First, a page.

Archive for the ‘jama’ Category
In this Japanese population with a high baseline fracture risk, combined treatment with folate and vitamin B12 is safe and effective in reducing the risk of a hip fracture in elderly patients following stroke.
In the wake of Harvard’s gritty performance in the NCAA men’s basketball tournament — they were eliminated Saturday — a pair of faculty members at the Ivy League institution are calling foul on two controversial journal articles that have already been corrected.
Walter Willett, an oft-quoted Harvard nutrition expert, is calling for the retraction of an eyebrow-raising article earlier this month challenging the relative health benefits of fats from fish and vegetables over those in meat and butter.
The article, which appeared in the Annals of Internal Medicine, quickly came under fire and the researchers — from the University of Cambridge — ended up making several corrections. Despite the changes, the authors have stood by their work, according to a piece this week in Science.
But that hasn’t stopped Willett from urging a retraction. Per Science:
JAMA journal quietly replaces diabetes drug commentary after learning co-author is working for drugmaker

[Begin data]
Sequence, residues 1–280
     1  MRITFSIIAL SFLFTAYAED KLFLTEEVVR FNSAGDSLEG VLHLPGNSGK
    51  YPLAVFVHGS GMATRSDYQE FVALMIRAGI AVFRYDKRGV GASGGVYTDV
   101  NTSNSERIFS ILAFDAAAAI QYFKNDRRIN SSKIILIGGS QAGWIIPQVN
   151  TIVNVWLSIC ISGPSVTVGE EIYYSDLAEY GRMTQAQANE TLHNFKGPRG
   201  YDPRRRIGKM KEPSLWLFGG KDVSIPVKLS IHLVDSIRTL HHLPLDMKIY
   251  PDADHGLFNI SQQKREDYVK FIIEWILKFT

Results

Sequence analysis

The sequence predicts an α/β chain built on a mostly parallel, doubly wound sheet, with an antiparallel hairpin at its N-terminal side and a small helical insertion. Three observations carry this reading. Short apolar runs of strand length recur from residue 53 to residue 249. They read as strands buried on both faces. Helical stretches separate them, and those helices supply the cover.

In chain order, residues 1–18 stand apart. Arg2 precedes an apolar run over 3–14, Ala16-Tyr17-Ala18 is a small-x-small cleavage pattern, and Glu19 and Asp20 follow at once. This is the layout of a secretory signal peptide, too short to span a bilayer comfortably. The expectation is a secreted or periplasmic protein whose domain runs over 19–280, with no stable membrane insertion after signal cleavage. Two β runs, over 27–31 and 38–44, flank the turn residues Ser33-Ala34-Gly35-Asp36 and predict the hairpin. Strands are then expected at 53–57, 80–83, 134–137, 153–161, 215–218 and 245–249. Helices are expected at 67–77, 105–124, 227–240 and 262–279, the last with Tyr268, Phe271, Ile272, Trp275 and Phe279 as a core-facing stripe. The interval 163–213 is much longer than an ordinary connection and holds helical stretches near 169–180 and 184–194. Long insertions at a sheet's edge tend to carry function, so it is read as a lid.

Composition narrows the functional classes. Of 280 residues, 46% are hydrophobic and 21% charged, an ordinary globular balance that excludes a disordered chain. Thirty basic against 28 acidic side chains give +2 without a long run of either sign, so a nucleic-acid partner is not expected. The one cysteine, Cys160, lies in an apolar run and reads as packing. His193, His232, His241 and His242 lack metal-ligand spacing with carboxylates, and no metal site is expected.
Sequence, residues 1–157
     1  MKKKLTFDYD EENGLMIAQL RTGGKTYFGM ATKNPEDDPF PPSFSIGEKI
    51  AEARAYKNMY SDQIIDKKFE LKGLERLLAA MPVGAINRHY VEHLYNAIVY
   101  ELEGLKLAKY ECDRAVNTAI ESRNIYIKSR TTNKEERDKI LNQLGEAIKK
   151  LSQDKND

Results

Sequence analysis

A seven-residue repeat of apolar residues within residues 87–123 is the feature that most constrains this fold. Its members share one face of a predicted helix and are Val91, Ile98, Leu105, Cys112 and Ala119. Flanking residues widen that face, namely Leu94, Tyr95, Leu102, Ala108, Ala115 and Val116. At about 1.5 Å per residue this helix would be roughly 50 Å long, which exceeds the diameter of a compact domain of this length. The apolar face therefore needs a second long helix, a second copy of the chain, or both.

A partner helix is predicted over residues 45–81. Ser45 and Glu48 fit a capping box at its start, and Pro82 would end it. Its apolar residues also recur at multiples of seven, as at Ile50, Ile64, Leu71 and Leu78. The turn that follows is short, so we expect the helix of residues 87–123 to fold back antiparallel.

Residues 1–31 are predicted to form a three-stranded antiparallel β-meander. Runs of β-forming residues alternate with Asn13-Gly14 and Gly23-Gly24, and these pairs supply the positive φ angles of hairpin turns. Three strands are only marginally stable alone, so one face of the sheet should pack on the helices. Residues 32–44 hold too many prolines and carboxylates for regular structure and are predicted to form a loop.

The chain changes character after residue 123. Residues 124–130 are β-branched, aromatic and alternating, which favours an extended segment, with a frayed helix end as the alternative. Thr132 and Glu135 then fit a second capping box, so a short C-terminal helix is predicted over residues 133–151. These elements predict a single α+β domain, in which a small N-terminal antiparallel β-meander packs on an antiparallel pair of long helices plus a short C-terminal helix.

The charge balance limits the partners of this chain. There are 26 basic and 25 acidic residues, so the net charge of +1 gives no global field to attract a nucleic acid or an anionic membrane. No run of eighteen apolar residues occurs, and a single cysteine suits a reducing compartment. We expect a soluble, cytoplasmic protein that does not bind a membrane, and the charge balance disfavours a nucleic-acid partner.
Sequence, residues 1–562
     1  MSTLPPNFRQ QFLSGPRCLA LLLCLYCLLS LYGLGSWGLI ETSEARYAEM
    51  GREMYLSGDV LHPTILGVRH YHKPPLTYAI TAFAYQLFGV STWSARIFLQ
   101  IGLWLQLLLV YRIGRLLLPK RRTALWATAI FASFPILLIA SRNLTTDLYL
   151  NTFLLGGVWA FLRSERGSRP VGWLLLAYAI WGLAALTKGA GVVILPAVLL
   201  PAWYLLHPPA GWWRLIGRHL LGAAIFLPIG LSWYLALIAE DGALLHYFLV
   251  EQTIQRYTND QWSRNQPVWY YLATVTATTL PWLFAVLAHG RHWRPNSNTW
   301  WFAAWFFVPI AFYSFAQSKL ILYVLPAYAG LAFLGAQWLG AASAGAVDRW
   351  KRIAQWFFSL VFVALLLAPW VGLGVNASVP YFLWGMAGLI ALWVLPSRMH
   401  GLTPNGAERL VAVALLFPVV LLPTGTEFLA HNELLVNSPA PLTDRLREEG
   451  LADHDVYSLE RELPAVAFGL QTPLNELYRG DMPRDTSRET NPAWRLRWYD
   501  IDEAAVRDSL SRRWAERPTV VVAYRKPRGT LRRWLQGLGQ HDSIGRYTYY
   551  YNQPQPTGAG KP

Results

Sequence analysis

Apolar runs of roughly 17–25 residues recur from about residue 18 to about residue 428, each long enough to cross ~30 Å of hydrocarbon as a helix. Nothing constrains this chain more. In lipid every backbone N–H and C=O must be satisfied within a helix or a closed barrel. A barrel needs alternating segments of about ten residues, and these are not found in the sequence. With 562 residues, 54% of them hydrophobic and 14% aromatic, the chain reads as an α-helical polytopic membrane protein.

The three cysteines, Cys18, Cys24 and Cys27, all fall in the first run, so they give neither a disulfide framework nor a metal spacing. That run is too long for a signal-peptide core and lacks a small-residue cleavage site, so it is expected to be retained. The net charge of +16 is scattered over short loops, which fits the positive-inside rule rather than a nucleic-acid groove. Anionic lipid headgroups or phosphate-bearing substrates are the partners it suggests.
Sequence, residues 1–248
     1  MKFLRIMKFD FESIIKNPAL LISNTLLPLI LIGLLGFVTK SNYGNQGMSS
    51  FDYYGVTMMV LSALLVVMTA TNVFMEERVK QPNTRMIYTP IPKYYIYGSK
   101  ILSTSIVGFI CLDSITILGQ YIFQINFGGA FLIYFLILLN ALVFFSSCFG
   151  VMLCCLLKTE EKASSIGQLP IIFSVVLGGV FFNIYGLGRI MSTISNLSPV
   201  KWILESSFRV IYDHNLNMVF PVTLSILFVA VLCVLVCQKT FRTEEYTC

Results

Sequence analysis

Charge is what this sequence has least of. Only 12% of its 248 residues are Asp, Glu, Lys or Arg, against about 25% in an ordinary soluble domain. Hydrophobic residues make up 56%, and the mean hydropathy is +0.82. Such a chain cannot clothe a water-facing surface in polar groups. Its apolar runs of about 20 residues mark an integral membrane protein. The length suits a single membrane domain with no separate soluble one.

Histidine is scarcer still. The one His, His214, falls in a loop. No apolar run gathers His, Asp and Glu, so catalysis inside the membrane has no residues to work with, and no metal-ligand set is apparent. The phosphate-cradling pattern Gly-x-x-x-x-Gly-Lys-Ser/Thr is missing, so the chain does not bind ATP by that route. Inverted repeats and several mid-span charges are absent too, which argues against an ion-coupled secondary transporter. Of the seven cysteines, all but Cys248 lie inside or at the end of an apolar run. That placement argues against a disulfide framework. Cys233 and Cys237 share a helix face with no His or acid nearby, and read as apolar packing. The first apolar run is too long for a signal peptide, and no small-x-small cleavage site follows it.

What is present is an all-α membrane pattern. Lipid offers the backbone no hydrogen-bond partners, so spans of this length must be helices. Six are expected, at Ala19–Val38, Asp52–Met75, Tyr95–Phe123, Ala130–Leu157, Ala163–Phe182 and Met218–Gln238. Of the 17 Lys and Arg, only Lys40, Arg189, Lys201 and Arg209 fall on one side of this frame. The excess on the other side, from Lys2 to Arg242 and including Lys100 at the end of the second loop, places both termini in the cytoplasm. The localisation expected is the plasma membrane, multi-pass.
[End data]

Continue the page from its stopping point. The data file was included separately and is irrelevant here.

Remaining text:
JAMA Internal Medicine has replaced a commentary they published last week on the risks of two diabetes drugs, but you wouldn’t know the new version was a replacement.
One change is a correction about whether Byetta and Januvia carry so-called “black box” warnings from the FDA. The original sentence:
Because both drugs already carry US Food and Drug Administration (FDA) black box warnings for the risk of pancreatitis, why is this study important?
It now reads: Read the rest of this entry »
JAMA has issued its first-ever Expression of Concern over a 2007 study of hip protectors in the elderly that came under scrutiny from Federal regulators.
Coming clean: A major figure in cardiology publishes a lengthy conflict of interest correction in JAMA
Authors’ financial disclosures can be a thorny issue for scientific journals. There’s often confusion over just what should be listed as a conflict of interest, and when relationships are revealed after papers are published, lack of disclosure sometimes leads to corrections.